Esendemir also told Kiosk Marketplace that integrating third-party order apps has been difficult, but Nextep's Machiniak said Esendemir may have been confused about how third-party apps work with the system.

"Gonca believed that Nextep Systems would need to integrate to these third-party apps, but it is actually the opposite," Machiniak said. "Since these apps would be submitting orders to Nextep, they would need to connect to our API."

He said it can be difficult to for some restaurant managers to understand who submits orders to whom. 

Machiniak also pointed out that Nextep recently assisted Flatbread Grill in adding an icon to the kiosk for a payment app called DuckBill from a local university — at no charge.

Esendemir said she was pleased by the Nextep's integration of the DuckBill app, but not happy that it took a few months to install.

Adding options

Esendemir also requested Nextep to add a "phone-in" option to the order type so she could track phone orders in the system's reporting section. She assumed it was a quick process, but said it also took several months.

Machiniak said this component wasn't added to the system until earlier this year because no other customers had asked for it.

Esendemir is in the process of speaking with other technology providers, but she has not yet decided if she will make a change.

Had she been able to do it all over again, she said she would have asked more questions about what happens on the back end. She also would have spoken to some existing users before taking the plunge.

"I wouldn't have been seduced by the technology of it," she said. "That's really what blinds you."

Although Esendemir has faced a few setbacks with her kiosks, Geoff Alexander had a different experience with Nextep Systems.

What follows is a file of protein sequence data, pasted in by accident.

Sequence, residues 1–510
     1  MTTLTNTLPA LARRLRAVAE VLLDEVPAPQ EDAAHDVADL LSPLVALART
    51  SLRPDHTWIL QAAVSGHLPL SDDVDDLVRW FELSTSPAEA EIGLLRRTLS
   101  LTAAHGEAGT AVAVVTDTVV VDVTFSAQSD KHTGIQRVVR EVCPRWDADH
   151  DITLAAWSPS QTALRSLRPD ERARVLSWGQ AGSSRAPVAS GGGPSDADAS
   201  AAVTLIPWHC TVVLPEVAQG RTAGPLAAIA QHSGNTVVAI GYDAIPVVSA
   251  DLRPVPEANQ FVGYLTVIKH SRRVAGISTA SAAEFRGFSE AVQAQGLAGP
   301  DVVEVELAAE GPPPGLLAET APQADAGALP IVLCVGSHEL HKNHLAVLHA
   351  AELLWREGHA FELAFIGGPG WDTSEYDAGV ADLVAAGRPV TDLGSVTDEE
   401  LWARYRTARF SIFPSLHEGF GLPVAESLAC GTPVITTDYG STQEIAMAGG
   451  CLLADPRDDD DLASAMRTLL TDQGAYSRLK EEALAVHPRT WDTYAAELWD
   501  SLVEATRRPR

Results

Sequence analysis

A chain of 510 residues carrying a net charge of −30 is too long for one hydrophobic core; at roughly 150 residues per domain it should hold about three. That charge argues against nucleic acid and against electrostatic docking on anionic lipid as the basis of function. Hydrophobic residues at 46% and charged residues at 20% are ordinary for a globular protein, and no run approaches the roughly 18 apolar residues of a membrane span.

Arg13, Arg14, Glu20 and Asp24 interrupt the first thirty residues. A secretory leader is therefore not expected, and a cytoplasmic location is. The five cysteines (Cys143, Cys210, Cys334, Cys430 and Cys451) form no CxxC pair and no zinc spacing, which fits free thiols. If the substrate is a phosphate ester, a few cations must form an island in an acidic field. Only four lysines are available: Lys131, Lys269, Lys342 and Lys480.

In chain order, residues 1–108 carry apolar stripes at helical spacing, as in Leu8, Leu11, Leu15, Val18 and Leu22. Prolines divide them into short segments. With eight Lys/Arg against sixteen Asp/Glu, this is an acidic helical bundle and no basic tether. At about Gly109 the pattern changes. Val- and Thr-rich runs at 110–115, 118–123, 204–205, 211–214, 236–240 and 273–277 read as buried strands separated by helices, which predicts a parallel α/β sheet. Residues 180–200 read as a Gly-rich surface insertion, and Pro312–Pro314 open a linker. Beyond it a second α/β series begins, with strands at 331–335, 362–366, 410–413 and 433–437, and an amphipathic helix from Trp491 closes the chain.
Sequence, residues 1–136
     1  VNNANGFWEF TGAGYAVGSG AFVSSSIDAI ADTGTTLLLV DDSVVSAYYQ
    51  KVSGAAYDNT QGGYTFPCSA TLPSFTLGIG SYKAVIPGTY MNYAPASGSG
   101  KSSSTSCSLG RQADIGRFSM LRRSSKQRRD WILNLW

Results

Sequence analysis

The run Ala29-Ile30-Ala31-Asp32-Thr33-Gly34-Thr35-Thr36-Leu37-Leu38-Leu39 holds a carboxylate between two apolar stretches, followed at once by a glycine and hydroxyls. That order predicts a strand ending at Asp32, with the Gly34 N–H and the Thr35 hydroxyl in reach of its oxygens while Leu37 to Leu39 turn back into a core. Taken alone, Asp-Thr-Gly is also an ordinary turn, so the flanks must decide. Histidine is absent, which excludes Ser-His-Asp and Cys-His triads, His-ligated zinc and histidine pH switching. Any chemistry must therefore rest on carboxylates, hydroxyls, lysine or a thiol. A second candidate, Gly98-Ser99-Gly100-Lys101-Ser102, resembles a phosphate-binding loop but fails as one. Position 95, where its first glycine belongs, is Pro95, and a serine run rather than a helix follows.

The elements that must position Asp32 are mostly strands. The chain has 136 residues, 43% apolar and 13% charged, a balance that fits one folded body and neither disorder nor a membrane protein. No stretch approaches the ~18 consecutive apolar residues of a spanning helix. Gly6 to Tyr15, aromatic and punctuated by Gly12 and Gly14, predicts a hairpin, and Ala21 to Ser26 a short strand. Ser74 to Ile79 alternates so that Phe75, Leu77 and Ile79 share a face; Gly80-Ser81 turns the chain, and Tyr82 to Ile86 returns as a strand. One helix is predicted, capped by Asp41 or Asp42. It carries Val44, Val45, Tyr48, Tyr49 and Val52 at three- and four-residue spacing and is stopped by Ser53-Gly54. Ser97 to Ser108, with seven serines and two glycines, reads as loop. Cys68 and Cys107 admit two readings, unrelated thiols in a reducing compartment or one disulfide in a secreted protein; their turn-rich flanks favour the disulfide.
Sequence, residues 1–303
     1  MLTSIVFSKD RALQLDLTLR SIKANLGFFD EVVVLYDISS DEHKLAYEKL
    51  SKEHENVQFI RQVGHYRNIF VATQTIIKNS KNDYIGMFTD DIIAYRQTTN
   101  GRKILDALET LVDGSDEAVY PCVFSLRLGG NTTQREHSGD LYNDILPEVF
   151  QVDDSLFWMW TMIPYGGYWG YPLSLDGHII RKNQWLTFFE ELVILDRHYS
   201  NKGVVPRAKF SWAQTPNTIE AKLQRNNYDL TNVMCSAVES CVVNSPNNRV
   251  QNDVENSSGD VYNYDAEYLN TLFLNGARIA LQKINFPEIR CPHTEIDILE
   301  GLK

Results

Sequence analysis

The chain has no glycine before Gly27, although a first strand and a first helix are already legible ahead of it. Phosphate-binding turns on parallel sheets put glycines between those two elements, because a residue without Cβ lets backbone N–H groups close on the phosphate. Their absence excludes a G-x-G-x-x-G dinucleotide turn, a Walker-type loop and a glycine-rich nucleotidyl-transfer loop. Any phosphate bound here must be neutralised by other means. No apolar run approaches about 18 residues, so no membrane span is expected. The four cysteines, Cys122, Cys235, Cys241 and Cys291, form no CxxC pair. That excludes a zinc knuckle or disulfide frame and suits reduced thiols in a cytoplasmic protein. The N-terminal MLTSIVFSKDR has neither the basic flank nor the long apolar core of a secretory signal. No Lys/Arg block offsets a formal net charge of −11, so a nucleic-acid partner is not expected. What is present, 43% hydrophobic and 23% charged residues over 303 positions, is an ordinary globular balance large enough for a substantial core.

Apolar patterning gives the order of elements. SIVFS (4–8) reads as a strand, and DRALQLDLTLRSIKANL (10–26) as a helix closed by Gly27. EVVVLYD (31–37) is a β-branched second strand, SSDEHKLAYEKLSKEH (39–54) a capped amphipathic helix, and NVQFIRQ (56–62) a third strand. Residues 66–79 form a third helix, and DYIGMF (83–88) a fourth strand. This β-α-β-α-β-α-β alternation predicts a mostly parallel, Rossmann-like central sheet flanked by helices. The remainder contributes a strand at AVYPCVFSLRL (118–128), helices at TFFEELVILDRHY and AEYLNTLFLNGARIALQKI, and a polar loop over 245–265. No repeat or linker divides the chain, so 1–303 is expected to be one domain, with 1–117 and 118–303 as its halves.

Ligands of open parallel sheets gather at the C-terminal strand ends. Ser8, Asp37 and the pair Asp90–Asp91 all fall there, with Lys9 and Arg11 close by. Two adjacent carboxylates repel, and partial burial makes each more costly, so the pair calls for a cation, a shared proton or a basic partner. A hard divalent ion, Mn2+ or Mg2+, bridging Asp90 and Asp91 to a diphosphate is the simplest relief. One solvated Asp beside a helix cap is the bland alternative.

The president of the fast casual chain, Wow Bao, is an even earlier adopter than Esendemir, deploying kiosks in 2009, inside his restaurants.  

"They've been a tremendous benefit and an integral part of our business," said Alexander, who is also executive vice president of Lettuce Entertain You, parent company of Wow Bao and 90 restaurants. "The team at Nextep has been nothing but supportive."

Avoiding deployment issues 

Machiniak recommended restaurants interested in deploying self-order kiosks ask the following questions of technology providers.

1. What kind of reporting does the solution provide?

"You need all touchpoints of your point-of-sale system to track the vital data that helps you understand your business' performance," Machiniak said. "Not only that – you need reporting capabilities that scale with your business as it grows." 

2. What are the payment processing options, and how will the self-order solution help protect against security risks? Does the kiosk provider offer encrypted/tokenized payment? Are they PA-DSS compliant?

3. What happens in the case of an internet outage?

4. Are the kiosks ADA compliant?

5. How can the self-ordering solution provider make sure the kiosks showcase the brand and match the look and feel of the stores, the website and online/mobile ordering?

"Customers and employees both have a stake in restaurant technologies working seamlessly," Machiniak said. "It's critical to get your whole team on board." 

Cover photo: iStock



Topics: Customer Service / Experience, Equipment & Supplies, POS, Self-Ordering Kiosks, Systems / Technology


Elliot Maras

Elliot Maras is the editor of and